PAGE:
Optical coherence tomography (OCT) findings in normal retina and laser-induced choroidal neovascularization in rats
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- Fukuchi, T., Takahashi, K. & Shou, K. Graefe's Arch Clin Exp Ophthalmol (2001) 239: 41. doi:10.1007/s004170000205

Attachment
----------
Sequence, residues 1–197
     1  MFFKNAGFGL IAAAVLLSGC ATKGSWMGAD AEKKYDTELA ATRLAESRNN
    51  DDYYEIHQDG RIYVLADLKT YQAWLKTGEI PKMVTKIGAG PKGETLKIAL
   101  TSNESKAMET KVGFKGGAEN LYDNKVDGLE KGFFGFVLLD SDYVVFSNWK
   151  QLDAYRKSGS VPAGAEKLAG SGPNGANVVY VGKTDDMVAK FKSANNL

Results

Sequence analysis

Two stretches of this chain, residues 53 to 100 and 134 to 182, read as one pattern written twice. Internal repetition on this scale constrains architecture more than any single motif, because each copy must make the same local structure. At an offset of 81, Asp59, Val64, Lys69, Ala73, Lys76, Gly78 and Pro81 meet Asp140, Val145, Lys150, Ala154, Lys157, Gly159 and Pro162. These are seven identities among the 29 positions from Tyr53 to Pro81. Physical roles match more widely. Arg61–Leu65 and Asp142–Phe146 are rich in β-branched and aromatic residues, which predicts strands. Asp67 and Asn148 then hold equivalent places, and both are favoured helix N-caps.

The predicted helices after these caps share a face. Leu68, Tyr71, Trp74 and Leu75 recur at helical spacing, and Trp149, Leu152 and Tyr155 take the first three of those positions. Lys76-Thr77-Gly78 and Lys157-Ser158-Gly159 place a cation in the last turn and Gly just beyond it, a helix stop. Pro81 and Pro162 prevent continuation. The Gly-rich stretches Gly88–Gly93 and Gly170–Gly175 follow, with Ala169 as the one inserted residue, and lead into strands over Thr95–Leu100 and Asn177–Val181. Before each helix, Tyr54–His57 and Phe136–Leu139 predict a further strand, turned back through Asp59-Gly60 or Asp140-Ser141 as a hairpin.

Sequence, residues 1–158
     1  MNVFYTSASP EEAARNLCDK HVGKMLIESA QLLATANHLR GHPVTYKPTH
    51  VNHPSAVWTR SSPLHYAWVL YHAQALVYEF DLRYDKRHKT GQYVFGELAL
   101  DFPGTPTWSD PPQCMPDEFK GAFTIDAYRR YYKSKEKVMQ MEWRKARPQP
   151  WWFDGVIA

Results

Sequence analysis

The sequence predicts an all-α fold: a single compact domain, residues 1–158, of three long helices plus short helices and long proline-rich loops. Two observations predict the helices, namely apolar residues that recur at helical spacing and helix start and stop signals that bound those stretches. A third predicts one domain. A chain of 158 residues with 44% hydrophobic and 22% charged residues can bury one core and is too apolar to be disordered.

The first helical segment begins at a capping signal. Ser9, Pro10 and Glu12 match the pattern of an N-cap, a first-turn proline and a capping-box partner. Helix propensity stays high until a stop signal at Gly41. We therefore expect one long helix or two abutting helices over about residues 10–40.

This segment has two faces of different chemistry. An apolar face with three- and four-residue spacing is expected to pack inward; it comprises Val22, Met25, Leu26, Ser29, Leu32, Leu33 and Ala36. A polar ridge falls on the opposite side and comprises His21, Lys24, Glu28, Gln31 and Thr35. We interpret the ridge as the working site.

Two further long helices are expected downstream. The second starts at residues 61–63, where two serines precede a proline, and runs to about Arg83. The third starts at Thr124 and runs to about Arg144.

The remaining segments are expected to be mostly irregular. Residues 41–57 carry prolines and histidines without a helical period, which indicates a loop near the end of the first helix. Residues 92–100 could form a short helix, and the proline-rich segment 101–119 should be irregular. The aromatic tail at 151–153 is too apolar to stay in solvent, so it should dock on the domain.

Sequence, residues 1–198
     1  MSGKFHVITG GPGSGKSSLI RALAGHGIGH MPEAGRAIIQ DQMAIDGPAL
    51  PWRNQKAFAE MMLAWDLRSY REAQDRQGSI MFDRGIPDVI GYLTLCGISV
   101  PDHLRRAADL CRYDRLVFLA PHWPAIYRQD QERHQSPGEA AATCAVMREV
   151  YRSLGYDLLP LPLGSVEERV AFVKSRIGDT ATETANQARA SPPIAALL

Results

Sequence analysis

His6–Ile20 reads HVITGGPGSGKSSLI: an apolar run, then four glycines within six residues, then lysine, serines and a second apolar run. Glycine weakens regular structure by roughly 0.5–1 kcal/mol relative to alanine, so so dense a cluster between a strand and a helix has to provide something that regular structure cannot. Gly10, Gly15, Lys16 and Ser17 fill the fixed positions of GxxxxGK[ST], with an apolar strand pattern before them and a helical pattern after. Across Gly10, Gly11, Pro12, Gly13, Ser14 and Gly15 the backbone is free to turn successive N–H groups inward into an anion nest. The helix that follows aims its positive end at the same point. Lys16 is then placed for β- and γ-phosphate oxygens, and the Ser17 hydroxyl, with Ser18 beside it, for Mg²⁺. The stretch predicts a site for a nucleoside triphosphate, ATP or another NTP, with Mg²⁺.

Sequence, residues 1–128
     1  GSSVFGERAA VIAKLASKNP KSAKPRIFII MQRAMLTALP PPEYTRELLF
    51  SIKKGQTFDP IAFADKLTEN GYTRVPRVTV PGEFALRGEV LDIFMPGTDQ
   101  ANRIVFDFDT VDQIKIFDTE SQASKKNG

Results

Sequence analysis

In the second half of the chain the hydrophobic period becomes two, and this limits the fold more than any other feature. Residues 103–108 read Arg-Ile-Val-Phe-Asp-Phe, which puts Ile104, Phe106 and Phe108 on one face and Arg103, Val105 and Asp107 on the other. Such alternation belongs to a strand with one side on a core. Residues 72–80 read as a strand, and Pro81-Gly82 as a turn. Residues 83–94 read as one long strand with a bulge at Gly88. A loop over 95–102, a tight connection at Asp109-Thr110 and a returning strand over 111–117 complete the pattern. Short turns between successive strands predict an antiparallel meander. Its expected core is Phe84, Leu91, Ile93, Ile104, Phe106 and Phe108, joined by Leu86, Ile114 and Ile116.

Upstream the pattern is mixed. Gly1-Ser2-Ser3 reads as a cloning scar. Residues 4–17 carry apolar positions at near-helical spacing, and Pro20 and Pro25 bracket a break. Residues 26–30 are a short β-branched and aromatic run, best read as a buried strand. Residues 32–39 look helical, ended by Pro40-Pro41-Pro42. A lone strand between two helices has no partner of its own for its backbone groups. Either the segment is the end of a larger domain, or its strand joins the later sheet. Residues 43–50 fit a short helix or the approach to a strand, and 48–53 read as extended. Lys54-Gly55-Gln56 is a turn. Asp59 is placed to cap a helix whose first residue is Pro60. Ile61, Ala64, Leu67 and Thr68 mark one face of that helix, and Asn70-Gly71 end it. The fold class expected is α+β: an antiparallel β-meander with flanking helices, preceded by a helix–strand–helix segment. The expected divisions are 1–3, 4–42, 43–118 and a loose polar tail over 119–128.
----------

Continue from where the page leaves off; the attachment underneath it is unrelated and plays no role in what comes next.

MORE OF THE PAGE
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Background: To evaluate the optical coherence tomographic (OCT) features of the retina of rats, we compared the OCT images with the histological appearance of normal retinas and retinas with laser- induced choroidal neovascularization. Methods: Twelve eyes of 12 adult pigmented rats (Brown-Norway) were used. Color fundus photography, fluorescein angiography (FAG), and OCT images of normal retinas and retinas with laser photocoagulation-induced choroidal neovascularization were studied. Results: OCT showed a double-layered structure in the normal sensory retina with a highly reflective layer located in the inner retina and a low reflective layer located in the outer retina. The retinal pigment epithelium (RPE) and choriocapillaris were imaged as a layer with the highest reflection. On the first day after photocoagulation, OCT showed a disruption of the highly reflective layer corresponding to the RPE, and an enhanced reflectivity in the choroid under the lesion. Choroidal neovascularizations (CNVs) which appeared 2 weeks after photocoagulation was seen as a multi-layered, highly reflective area protruding from the RPE into the subretinal space A CNV beneath a subretinal hematoma was difficult to detect because of the low transmission of the scanning light through the hematoma. The histopathological appearance was well correlated with the OCT images. Conclusion: The two reflective bands in the OCT images were identified as coming from the inner layers of the retina and from the photoreceptors. The highest reflective band arose from the RPE and choriocapillaris. In the future, OCT combined with FAG or indo-cyanine-green angiography will be a useful tool for the evaluation of animal studies of choroidal neovascularization and other retinal diseases.